Marc Bolan’s life started to change dramatically on October 24, 1970. For all of the awareness and admiration of Tyrannosaurus Rex, two years of their singles releases had yielded just one appearance in the UK Top 30, with “One Inch Rock.” The earlier “Debora” had peaked at No.34 and 1969’s “King Of The Rumbling Spires” outside the Top 40. But the autumn of 1970 brought the feeling of a relaunch, with the new name T. Rex, a new label and a new entry on the singles chart with “Ride A White Swan.”
The single was the duo of Marc Bolan and Mickey Finn’s first under the newly-abbreviated name, and the first for the Fly label, newly-formed by David Platz with the support of Track Records’ The Who management team of Kit Lambert and Chris Stamp. “Ride A White Swan” itself was a step in a new direction, too. Its better-focused pop sound and strong guitar framework had a Tony Visconti production that included the addition, after the track was otherwise completed, of a string arrangement that elevated the track no end.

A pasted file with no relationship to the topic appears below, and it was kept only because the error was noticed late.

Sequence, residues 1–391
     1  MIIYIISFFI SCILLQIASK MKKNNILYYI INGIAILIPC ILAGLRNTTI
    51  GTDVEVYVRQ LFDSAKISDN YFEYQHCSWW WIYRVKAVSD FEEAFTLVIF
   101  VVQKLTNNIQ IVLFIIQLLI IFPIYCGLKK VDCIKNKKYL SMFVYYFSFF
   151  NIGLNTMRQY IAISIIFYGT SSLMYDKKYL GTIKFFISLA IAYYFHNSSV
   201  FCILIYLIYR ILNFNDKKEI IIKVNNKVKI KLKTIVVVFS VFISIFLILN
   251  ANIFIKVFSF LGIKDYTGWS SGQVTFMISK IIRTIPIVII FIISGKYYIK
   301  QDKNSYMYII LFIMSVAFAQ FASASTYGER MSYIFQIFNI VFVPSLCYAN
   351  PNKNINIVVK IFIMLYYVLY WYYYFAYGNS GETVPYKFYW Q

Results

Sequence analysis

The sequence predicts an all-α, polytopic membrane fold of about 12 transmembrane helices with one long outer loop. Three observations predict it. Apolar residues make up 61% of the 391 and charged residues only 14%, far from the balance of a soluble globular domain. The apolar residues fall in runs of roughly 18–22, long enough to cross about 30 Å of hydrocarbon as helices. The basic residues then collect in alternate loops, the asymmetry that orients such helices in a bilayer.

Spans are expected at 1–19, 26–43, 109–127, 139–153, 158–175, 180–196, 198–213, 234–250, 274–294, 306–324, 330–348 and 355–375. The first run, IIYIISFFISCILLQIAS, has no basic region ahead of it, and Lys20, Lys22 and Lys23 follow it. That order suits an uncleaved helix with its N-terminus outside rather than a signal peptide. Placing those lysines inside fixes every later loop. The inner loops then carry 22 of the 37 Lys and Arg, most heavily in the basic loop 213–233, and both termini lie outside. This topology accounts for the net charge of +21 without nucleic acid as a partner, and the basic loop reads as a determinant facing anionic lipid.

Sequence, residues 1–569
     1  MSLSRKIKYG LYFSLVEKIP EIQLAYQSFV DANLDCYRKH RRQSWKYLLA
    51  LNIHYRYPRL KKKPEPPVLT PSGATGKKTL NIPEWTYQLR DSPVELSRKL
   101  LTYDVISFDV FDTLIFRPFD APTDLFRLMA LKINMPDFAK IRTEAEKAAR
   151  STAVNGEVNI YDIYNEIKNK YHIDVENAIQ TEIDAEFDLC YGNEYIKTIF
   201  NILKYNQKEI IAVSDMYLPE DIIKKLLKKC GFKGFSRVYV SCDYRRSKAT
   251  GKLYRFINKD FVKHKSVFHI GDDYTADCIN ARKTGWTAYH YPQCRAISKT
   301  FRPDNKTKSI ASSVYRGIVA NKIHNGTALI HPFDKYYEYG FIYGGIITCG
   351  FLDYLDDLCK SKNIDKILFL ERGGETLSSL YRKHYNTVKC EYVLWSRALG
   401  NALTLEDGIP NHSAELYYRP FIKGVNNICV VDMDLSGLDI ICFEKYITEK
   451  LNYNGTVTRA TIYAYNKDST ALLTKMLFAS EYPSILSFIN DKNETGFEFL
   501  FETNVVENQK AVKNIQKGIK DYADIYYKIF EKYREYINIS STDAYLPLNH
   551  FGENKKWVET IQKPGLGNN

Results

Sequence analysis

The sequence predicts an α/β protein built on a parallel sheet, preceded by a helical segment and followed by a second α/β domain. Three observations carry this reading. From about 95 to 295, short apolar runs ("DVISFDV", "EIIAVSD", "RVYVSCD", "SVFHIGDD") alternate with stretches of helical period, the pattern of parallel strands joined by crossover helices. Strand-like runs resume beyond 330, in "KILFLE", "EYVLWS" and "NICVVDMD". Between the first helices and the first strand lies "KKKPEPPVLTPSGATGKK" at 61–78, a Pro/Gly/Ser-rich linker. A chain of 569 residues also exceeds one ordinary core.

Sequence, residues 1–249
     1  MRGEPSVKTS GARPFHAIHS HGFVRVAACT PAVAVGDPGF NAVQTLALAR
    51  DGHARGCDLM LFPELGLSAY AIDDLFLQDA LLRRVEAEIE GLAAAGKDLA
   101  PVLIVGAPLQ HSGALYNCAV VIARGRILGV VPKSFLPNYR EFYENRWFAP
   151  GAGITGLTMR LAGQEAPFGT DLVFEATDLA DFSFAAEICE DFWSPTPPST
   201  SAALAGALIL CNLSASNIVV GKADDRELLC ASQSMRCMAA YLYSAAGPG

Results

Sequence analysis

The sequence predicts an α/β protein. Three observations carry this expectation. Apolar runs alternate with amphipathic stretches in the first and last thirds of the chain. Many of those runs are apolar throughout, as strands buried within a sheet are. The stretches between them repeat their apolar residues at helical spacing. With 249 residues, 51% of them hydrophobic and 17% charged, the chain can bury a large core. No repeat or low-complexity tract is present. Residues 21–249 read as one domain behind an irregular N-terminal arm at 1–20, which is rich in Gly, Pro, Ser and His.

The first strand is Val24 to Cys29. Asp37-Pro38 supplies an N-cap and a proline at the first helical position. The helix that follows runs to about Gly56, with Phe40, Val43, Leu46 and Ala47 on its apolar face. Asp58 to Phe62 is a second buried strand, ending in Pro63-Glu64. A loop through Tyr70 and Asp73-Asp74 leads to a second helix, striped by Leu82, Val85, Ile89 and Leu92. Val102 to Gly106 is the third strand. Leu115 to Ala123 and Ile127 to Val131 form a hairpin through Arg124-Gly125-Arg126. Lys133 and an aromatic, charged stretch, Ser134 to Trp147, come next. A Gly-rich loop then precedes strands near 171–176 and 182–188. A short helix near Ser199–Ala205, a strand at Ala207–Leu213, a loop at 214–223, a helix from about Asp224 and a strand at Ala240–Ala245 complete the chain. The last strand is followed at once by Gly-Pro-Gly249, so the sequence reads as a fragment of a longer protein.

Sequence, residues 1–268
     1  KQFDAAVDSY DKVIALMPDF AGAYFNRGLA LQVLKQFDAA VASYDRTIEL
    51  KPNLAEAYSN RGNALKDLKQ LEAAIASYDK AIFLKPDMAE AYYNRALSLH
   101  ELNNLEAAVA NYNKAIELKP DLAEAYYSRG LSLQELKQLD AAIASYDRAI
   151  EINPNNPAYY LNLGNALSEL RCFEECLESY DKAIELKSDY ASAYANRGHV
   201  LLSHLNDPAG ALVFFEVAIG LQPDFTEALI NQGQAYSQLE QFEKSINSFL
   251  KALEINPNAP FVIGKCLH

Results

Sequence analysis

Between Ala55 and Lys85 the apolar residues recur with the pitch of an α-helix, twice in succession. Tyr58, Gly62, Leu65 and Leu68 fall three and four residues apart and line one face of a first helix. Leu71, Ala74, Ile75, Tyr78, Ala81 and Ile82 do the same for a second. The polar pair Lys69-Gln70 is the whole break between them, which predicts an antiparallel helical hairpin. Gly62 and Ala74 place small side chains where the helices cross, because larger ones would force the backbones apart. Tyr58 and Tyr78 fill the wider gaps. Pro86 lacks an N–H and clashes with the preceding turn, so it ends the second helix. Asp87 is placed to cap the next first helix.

The ten-shilling tour
Some airplay on BBC Radio 1 led to initial sales, and once “Swan” was playlisted and the band performed it on Top Of The Pops, it was on its way. The other key factor in T.Rex’s breakthrough was the booking of a tour that started the week after the single’s release. Ticket prices were pegged to a maximum of ten shillings, or 50p as it would become a few months later when decimalization was introduced.
Listen to the 70s playlist for more of the decade’s classic pop hits.
The tour, which ran through the rest of the year, sold out, with the group announcing its expansion to a three-piece with the addition of Steve Currie in December. “Ride A White Swan” rode the charts all the way to No.2, and Bolanmania was just around the corner.
Buy or stream “Ride A White Swan” on the deluxe edition of T.Rex.